Tuesday, September 18, 2018

The Cat Came Back

       Government reformers in South Dakota remind me of the cat in that great old campfire
Cats And Reformers . . .
They Just Keep Coming Back
Like that persistent and determined feline who wouldn't go away no matter how hard its master tried to get rid of him, they just keep coming back, and they "spend their nights 'a howlin' " til our legislators "can't get no sleep."  Shunted aside after the IM-22 debacle of a couple of years ago, this determined group of activist cats, led by Mitch Richter and Darrell Solberg, just keep on coming back.  IM-22 was the ballot initiative that won with 52% of the vote in 2016. It dramatically reformed government and campaign operations in our state.  It required additional disclosures and reporting by candidates for office, it lowered and limited contribution amounts, it severely constricted lobbyist gifts to state officials, and it created an ethics commission to oversee campaign finance and lobbying laws.  It also contained a provision to provide public funding for political campaigns.
     That last element caused me to oppose the measure, but it passed fair and square, much to the consternation of South Dakota's established political class, dominated by Republicans.  As South Dakota's initiative process has no restriction on when or how elected legislators can repeal or amend citizen-approved initiatives, the state's GOP-dominated legislature proceeded to dismantle IM-22 during the following session in 2017, not waiting for a court challenge to the measure that was headed for the South Dakota Supreme Court after an injunction in a lower court put the initiative on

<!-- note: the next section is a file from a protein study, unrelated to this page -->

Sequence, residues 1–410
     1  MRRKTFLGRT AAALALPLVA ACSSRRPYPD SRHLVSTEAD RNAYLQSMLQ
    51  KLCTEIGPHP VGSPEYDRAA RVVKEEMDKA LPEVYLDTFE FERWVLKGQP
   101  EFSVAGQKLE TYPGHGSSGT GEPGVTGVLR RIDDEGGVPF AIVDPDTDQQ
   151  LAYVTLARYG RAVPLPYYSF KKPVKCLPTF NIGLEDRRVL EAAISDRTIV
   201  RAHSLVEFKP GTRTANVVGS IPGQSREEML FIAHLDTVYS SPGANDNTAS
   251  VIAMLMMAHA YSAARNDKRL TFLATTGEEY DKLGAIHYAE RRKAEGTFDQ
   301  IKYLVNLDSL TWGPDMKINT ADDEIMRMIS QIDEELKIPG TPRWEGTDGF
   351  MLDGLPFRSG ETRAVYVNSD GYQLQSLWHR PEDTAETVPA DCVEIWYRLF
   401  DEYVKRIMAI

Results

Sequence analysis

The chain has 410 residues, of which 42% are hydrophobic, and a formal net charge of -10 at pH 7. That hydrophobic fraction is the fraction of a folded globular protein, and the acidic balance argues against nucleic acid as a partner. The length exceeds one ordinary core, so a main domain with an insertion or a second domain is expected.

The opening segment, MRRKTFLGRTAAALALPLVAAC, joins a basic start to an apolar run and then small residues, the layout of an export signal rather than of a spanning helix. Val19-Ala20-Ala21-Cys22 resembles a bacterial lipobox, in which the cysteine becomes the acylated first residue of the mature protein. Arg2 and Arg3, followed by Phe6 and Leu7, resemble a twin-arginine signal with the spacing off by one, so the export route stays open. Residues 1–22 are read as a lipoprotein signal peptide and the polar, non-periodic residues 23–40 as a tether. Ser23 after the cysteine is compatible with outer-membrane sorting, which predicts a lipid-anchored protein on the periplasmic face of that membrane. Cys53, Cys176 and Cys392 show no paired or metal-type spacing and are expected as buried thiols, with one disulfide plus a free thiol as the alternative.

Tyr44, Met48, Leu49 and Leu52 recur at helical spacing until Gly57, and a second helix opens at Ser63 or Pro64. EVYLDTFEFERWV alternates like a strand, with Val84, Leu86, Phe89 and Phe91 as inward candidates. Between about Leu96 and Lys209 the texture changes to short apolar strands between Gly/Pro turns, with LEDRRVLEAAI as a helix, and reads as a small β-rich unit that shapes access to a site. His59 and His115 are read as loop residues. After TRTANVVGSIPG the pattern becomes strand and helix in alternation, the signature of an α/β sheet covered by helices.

Maybe This Time
They Will
hold.   Effectively eradicating the voter's will, reform-averse officials in Pierre set off quite the outraged reaction, with noisy and loud demonstrations occurring at the capitol as the political debauchery occurred.  Even as a foe of the measure, I was as chagrined by the arrogant and cynical rejection of the voters' will as those who supported IM-22
     Which is why I'm supporting the reform measure that will be on this November's ballot, dubbed Constitutional Amendment W.  Sans the public financing of campaigns that turned off a lot of potential supporters of the last reform measure, Amendment W is exclusively about changing existing campaign financing and lobbying laws, and, most strategically, won't allow alterations to it without voter approval.  The element that should most appeal to the reform-minded is the establishment of a government accountability board that will have some sanction-imposing teeth.  Considering the depth and breadth of a couple of horror stories involving state-managed programs (EB-5 and Gear Up) which resulted in multimillion dollar fiascos along with murders and suicides, a visible and active accountability component in Pierre seems overdue.


1 comment:

  1. I, too opposed the campaign finance segment of I-22, but held my nose and voted for the measure anyway because of all the other good parts of it. I am in that picture that you show, but was truly outraged at the Senate hearing on the bill to repeal the citizens' will. Thanks John, for a well written post on W.